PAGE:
Sandy Levenstein from Humans of South Africa approached Cyndy requesting to do an interview regarding lockdown and Lebone Village. This was published on their Facebook page on 20 April 2020:
Cyndy, Lebone Village – Things are going to get worse after COVID-19!
Situated just outside Bloemfontein in the Free State, Lebone Village is the Sotho word for light. And that is what they are all about – bringing light to those in the darkness and without Hope.
Hi Cyndy, please tell us about Lebone Village?
Lebone Village has been operational since 2000. Our main mission is striving to put God’s love into action by giving vulnerable children, youth and our community hope!
As Lebone has grown over the years, so have our aims and areas of assistance that we bring to the surrounding community. Firstly, we identify children in need and provide them with essentials; we provide a setting which resembles that of a family (when there is no family). We ensure their development by providing a healthy, balanced lifestyle to nurture their development in all areas to become successful adults. We provide the children with access to education and life skills, aiming to give them opportunities for a self-sustainable future.
In other areas; we providing care, support, social assistance, skills transfer, training to the disadvantaged, facilitate community-based care by transferring skills and training families/volunteers. We train and assist people to survive – teaching them interdependence rather than dependence through our skills development section.
What is your role?
Jack of all trades! Seriously, at the moment I do and help where I am needed. My big passion and love are the children so whenever I can sneak away to spend time with them, that is where you will find me. I do all of the digital marketing and social media, assist with fundraising campaigns and the food programmes. I am a qualified accountant and management consultant as well as a registered and accredited facilitator, assessor, moderator and skill development facilitator. I’m also the SDF here and do all the management and staff training that is needed.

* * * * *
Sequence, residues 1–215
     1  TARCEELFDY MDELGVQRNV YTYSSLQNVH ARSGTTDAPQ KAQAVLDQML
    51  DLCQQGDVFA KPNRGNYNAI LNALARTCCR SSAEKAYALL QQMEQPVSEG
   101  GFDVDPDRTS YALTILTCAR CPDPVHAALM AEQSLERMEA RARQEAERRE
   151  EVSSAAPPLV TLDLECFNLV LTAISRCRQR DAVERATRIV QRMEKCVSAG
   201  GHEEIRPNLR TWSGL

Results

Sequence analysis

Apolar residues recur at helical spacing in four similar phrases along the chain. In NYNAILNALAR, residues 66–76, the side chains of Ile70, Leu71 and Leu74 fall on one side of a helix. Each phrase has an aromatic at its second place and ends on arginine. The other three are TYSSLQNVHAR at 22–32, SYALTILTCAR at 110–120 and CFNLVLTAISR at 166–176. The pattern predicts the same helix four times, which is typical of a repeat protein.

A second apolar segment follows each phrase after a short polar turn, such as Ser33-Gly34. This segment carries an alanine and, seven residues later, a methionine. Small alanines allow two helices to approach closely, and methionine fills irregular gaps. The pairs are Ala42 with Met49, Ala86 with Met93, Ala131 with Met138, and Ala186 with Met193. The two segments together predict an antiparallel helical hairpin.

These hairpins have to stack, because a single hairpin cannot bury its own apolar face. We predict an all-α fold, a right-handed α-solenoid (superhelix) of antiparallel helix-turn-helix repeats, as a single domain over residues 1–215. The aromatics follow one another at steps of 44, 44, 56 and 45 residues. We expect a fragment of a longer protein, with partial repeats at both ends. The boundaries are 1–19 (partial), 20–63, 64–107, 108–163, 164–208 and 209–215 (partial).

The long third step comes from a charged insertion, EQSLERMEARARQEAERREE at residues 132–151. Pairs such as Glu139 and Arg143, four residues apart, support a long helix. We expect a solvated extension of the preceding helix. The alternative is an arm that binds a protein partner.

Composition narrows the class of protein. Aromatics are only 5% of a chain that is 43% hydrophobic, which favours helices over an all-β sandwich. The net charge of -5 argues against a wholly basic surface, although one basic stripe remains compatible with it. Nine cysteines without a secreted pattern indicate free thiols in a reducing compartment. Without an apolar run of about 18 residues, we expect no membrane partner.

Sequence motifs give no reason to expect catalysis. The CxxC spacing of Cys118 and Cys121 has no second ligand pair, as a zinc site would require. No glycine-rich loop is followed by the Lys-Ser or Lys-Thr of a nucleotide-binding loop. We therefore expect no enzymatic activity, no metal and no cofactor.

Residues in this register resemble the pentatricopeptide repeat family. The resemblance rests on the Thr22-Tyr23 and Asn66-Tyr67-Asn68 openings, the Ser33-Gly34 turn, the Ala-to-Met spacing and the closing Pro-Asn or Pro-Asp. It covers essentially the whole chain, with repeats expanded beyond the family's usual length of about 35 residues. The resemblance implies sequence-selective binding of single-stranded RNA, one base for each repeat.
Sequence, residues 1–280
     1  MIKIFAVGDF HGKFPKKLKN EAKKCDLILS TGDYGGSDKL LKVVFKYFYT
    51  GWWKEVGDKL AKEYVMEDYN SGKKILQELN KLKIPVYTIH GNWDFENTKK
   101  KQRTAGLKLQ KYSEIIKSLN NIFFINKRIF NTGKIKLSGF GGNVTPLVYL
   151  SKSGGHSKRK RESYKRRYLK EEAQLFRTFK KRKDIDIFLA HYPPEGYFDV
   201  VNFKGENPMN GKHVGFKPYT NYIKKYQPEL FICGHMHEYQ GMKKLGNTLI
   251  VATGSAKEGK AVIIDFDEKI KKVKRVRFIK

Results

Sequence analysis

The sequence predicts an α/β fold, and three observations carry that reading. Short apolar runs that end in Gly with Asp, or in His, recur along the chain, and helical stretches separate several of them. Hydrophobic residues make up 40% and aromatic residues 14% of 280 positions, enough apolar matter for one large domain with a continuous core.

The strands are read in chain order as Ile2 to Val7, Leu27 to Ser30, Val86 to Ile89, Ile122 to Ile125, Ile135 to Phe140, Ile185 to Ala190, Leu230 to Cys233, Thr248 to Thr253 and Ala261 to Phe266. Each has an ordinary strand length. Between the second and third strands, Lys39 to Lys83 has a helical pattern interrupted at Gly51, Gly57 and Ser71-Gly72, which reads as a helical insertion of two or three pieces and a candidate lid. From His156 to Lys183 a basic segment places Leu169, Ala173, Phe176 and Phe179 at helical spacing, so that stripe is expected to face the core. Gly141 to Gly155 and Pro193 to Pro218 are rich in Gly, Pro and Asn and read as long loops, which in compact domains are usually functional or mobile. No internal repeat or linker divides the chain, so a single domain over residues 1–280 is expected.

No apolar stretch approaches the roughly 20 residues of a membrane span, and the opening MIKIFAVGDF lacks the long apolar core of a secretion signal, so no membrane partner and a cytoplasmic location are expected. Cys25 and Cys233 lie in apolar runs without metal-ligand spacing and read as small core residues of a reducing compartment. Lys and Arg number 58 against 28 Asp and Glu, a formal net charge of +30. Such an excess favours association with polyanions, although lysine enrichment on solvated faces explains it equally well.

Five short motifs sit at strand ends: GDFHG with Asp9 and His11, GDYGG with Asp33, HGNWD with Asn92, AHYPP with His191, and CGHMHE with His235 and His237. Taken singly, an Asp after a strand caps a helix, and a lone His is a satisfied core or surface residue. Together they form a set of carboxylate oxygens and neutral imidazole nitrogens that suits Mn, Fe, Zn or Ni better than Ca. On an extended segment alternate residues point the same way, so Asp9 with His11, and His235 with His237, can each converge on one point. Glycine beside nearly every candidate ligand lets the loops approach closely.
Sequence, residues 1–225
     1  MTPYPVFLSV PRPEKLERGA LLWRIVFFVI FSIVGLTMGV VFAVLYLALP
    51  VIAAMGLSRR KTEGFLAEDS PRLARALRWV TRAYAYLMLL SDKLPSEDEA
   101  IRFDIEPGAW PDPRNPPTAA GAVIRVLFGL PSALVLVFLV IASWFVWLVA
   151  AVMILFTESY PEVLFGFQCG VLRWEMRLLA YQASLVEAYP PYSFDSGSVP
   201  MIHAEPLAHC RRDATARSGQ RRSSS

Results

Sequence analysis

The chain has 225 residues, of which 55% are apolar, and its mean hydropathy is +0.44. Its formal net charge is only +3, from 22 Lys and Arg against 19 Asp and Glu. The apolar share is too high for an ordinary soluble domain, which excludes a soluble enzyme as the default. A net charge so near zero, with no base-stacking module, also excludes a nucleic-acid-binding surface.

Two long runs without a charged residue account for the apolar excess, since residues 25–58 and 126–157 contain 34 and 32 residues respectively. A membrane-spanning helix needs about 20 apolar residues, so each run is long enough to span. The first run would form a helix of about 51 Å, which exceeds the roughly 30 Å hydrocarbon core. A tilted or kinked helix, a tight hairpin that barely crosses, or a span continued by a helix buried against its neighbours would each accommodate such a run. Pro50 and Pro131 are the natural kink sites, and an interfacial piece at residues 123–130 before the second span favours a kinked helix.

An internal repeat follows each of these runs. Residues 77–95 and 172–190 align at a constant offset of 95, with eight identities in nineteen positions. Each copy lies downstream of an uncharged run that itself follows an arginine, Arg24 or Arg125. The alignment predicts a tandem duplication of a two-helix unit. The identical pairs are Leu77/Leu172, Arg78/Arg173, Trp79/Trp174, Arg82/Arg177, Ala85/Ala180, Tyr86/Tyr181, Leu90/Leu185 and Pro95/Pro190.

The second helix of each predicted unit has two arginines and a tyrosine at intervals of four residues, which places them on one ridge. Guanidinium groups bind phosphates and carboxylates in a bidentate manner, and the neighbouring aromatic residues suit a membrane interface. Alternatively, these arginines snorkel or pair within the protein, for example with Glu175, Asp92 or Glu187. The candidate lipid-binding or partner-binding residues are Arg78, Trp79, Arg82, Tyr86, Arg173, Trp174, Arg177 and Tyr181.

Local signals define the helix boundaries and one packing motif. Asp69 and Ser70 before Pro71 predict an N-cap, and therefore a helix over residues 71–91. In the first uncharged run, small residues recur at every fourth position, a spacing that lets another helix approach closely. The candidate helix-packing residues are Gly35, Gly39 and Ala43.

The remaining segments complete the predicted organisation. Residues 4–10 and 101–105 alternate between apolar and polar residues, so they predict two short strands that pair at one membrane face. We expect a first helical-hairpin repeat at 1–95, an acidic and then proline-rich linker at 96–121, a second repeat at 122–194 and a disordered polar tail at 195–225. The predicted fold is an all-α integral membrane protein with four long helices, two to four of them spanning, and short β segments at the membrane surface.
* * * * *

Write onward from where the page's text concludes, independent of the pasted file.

Have you always been involved in the NGO world?
Yes and no. My mom, Avril Snyman, started Lebone Village in 2000 so I have always been involved, I suppose you could say I was bred for involvement in the NPO work. I have always had a yearning and life goal to make a difference in this world, no matter how small.
What are Lebone’s six offerings which are an answer to the needs of your community?
1. House Care Centre (16 staff and volunteers)
Care centre and home for children affected/ infected by HIV/AIDS. Orphans (live on the property) and vulnerable children from surrounding communities receive care.
2. Edu-Centre (5 staff and volunteers)
There are three classes for pre-primary education and afternoon classes for children attending primary school, as well as a day care for babies (mostly our staff and our volunteer’s children). We also have children from the community who are unable to access education due to poverty. They are day scholars who enjoy all of the benefits of Lebone House children – 3 meals a day, clothing, medication, .etc.
3. Agricultural Food Production and Nursery (8 staff and volunteers)
We have 11 hectare of land, five tunnels and a suspension net of 2500sqm under fruit & vegetables, from which we fed 1504 children and 343 families per month in the last year in partnership with KFC Add Hope. We are also able to generate a small income. Our nursery produces seedlings for our vegetable production and to sell; we also help our trainees to start vegetable gardens at home. We raise Broiler chicks; get eggs from laying hens. We have a piggery and a bakery for our personal use as well as to generate income.
4.Skills Development Centre (5 staff and volunteers)
This programme has different sections where 24 – 50 people p/a are not only empowered with a skill but uplifted, giving them back their self-worth and dignity, enabling them to generate an income.
5. Lebone Social Support, Training & Counselling Centre (2 staff)